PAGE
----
In a ∧CDM cosmology, the growth of structure occurs hierarchically; small objects form first and undergomergers to form more massive objects. Modelling the formation and evolution of galaxies with numerical simulations is impossible because crucial aspects lack a complete physical model – notably, feedback and star formation.
An alternative to full numerical simulations is the semi-analytic models (Croton et al. 2006; De Lucia et al. 2006), so called because they use approximate prescriptions for physical processes that are poorly understood. These prescriptions contain parameters that are set by demanding that the model reproduces the observations of (typically) low-redshift galaxies. The process itself is often motivated by a result from a more detailed numerical simulation or from observations.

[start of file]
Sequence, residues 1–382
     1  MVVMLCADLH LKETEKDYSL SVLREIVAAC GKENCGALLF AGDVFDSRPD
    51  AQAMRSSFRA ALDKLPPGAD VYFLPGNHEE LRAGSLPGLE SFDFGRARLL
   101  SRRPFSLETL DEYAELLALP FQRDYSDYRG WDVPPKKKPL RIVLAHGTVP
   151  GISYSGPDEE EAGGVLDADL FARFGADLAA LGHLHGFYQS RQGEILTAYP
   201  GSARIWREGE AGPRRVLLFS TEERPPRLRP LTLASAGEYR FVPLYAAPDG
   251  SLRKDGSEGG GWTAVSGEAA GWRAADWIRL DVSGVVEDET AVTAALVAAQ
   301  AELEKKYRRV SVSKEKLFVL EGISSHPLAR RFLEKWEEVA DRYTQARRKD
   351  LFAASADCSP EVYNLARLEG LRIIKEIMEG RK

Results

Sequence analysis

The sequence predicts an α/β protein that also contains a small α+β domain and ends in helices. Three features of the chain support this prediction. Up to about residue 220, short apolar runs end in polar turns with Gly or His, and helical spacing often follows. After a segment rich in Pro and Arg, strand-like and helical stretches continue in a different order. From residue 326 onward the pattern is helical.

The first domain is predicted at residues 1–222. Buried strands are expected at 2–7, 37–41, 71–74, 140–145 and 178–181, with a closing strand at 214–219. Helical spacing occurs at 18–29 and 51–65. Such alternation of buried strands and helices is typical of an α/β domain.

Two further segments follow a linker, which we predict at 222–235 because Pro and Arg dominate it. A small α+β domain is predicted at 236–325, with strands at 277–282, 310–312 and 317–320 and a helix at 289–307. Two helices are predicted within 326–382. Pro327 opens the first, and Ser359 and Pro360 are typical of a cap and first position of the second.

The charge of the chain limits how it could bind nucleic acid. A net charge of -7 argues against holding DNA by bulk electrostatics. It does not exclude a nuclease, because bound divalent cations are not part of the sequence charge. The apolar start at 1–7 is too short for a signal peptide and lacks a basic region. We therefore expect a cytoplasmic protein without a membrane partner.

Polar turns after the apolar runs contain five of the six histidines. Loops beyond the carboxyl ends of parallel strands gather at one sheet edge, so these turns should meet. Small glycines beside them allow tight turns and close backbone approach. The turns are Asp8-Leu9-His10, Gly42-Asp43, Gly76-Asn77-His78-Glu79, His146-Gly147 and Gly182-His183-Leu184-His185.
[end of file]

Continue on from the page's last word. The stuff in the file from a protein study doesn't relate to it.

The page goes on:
The cooling of gas is central to the process of galaxy formation, as it sets the rate at which gas becomes available for star formation. Feedback processes have the largest impact on the predictions for galaxy properties, as these processes affect the efficiency of galaxy formation by increasing the cooling time of hot gas and suppressing further star formation. Previous iterations of the semi-analytic models (Kauffmann 1996), which lacked a prescription for feedback, predicted that the galaxy population should continue to evolve at z < 1, at a rate greater than that due to passive evolution, as more massive galaxies are built up by continued mergers.